Before taking a sip of our beverages, every one at the table will toast each other and wish each other good health.
In the evening, on a bus that isn't too busy, passengers getting off will wish the remaining passengers a good evening.
If I see a close friend or relation on the street, or meet them at their home, we will tap cheeks (think of it like an air kiss) three times--left, right, left--and ask how they are.
These are Swiss courtesies, so even though they might not queue for a bus or a train, it doesn't mean the Swiss are a population who have no respect for each other or for you, the expat. When I need assistance, I will ask the person in the store for help in my shaky German-English hybrid that still relies heavily on English. Am I shunned because I'm obviously not Swiss? No. The person in the store will help me...as briskly as possible; there is no point feeling slighted by this: they're helping me for five minutes so I don't need them to be my new best friend.
Now that said, do Swiss people get annoyed with expats? Yes. From what I have been able to discern, the biggest sticking point with people in Bern are individuals who move here and never bother to learn any German. The Bernese people are not so totalitarian as to believe that expats are going to learn Swiss-German (a spoken dialect that is not written), but the effort to learn German is appreciated and expected.
I speak horrible German.
It is terrible.
And it won't improve until later this year when I can get back to classes. However, every single time I try to attempt a transaction in German, the person helping me always says I speak 'very good German'. They're lying of course, but they're also encouraging me. They appreciate I'm making an effort and want to express as much.
Switzerland may seem quaint or funny to us expats who are coming from informal and boisterous societies, but it's not and you do it a disservice to classify it and its people as such. Just as Switzerland's foreign policy has been to keep itself to itself, so to do its people appear to keep themselves to themselves. This is a formal society, and I know it is really hard to break into it. I'm married to a Swiss guy who only has Swiss friends, and I haven't been able to break into any inner circles on my own. However, that doesn't mean I can say with sweeping certainty that all Swiss people are rude and they hate me just because I'm not from Switzerland.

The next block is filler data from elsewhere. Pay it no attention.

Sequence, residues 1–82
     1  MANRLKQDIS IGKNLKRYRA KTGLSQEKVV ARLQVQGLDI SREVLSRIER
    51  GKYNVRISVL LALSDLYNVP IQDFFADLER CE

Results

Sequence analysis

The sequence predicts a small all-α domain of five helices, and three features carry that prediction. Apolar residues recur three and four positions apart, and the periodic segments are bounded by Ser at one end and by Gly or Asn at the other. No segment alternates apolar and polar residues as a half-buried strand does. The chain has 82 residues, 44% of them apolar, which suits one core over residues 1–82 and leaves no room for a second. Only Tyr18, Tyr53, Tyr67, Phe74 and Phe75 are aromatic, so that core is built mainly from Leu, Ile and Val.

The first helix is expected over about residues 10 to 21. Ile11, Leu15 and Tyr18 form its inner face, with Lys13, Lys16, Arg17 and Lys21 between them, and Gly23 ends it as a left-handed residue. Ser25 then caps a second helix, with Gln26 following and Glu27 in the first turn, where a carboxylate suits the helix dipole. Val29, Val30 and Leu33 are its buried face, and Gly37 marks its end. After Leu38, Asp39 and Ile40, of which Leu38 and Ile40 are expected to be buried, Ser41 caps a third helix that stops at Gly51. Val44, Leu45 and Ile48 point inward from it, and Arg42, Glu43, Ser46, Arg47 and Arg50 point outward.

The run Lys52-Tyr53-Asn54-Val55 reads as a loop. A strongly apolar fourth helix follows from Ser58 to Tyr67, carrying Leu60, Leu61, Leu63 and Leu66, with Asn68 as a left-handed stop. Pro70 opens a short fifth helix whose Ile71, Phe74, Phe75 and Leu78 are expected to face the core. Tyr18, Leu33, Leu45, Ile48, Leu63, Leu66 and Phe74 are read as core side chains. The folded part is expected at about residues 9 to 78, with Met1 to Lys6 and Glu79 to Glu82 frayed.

If you don't understand a country's history, it's principles, and it's traditions than you can't say you really understand its people. To write off an entire population as being rude cold-fish is ignorant. Tally up every bad experience you've ever had in your own country, every government official who has been less than helpful, every customer service experience that didn't go as you wanted it to, every parking lot altercation, every confrontation with an inconsiderate neighbour, work colleague, or client.
Are you going to also classify all your own country's citizens as rude cold-fish because of these experiences? Or does the fact that your cashier might ask how your day is going, before she tunes you out, make it all better?